Saturday, March 22, 2008

Irish Stew--A Little of This and a Little of That

It is Saturday morning around 9:00. My computer says that it is 1:59 A.M. in Arizona. I am having breakfast downstairs in the hotel. As I am sitting here, guests from the hotel are coming in for breakfasts. You hear so many different accents and so many different languages. Patrick is still asleep. I think the jet lag and going non stop for the last many days has started to hit us. We need to be out of the hotel by noon. We will be staying at the airport tonight.

Last night we were able to eat dinner in the hotel dining room. It was interesting how they set it up. I mentioned yesterday about pubs being closed on Good Friday and how no liquor is sold. However, if you are a hotel guest, you can eat and drink in the hotel restaurant. They had the doors to the outside locked and the window shades down. In order to get into the restaurant, you had to go through the lobby and past the desk clerk. After hearing the story of the ferry boat and the drinkers yesterday, I don't know why they don't just check into a hotel!! Things were quiet and not much was going on. I started reading "Trinity" by Leon Uris again. This has always been my very favorite book. Leon Uris wrote historical fiction and he always did much research before writing a book. He wrote several books about the Holocaust such as "Exodus" and "Mila 18." He has always been one of my favorite authors. "Trinity" was written in 1976 and I have read it at least four times. I wanted to wait to read it again because I wanted to have this experience.

I mentioned that we had dinner in a thatched pub in County Mayo called The Shebeen. I put a picture of it on an earlier blog. As I was reading, I came across the word shebeen in the book. I don't remember this word at all. During the British rule the Catholics were not allowed to have alcohol so they made their own called poteen. It was a white mountain dew stilled in illegal stills which could be broken down and moved in minutes ahead of the tax collectors and the Royal Irish Constabulary. The actual partaking was done in shebeen, a converted byre buried in the village. Just a piece of trivia for you.......

There has been so much to see and tell about. One thing that I forgot about and remembered when I saw the picture was at the Waterford Crystal Factory. They made the most incredible scene from September 11th. It was the firefighters carrying the body of Father Mychal Judge, the priest and chaplain for the New York Fire Department. I am going to put the picture on today. The picture is great, but it is something to really see in person. I think they should put it on display in the U.S.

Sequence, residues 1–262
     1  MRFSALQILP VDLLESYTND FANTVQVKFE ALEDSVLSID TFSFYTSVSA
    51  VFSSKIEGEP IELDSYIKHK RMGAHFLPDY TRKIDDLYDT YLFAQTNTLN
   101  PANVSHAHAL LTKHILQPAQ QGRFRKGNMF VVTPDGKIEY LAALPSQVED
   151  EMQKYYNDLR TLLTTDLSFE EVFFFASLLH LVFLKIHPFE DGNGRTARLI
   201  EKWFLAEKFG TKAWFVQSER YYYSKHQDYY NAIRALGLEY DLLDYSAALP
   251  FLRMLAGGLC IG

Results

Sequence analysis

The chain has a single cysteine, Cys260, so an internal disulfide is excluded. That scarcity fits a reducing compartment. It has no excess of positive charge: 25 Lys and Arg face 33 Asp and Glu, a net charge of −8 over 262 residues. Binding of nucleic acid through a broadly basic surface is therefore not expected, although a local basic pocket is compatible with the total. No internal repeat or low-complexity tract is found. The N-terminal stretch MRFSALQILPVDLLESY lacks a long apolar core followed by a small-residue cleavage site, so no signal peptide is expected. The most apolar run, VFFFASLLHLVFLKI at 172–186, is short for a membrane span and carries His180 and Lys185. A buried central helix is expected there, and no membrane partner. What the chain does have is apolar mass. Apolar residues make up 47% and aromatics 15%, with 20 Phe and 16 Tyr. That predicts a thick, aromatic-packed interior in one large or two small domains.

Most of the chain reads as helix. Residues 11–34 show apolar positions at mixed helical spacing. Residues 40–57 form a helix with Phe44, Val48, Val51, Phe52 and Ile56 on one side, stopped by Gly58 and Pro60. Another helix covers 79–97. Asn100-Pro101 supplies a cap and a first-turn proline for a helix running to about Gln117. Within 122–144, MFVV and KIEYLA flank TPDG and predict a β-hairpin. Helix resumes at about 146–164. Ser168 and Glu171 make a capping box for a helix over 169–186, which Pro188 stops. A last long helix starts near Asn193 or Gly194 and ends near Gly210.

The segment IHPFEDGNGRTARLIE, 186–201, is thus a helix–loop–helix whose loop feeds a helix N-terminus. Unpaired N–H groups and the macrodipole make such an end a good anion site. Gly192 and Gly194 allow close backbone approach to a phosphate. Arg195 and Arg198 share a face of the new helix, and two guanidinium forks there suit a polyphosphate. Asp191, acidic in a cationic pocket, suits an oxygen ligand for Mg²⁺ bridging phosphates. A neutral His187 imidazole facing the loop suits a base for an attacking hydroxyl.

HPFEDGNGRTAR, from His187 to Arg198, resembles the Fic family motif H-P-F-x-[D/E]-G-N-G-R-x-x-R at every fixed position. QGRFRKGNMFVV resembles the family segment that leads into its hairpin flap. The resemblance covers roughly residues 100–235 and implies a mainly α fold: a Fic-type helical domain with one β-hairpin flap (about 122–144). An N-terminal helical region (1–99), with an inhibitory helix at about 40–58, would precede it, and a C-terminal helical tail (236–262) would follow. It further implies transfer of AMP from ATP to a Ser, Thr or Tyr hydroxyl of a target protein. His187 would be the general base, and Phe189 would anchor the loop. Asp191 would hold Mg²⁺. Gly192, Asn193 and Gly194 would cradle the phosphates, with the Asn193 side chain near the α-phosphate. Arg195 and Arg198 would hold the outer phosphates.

During our drive around the country, we saw sheep everywhere. They are even by the side of the roads like you see cattle down in southern Arizona. The sheep had different colors sprayed on them and I am wondering if this is some type of a "brand" so that they know which farmer the sheep belong to. They go up the sides of the mountains to graze and seem to be everywhere--inland, by the coast, etc. There are a lot of woolen mills around and with the cold weather I can understand why. Patrick bought a woolen sweater jacket in Blarney and has worn it most of the time.

The computer battery is starting to run down so I better close. I have really enjoyed writing this blog and think I will continue when I get home. Not sure what the theme will be. Thanks to you, Carol, for encouraging and then teaching me how to do this!!

3 remarks:

Anonymous said...

Thanks for sharing this magnificent journey. Blogging is a great habit!!
Sleep well,

Anonymous said...

I've learned so much reading your blog. I especially liked when you mentioned Bisbee or southeastern Arizona because I could visualize what you were seeing. Thanks for sharing your fantastic trip with us and have a safe trip.

Take care,

velvet brick said...

Oh Sheila, you are so welcome...but you always had it in you. You are a natural at painting a picture in our minds with your words and descriptions. I have read each entry that you've written and I am full of questions to ask about your trip, what you saw... so many things that I want to hear about when you come home. I thank you, as we all do, for taking the time to write about what you and Patrick are seeing and doing. I will probably never get to Ireland, myself, but I feel as though I have learned about that beautiful land a bit with your words. Thank you for is a gift. God's speed and sound.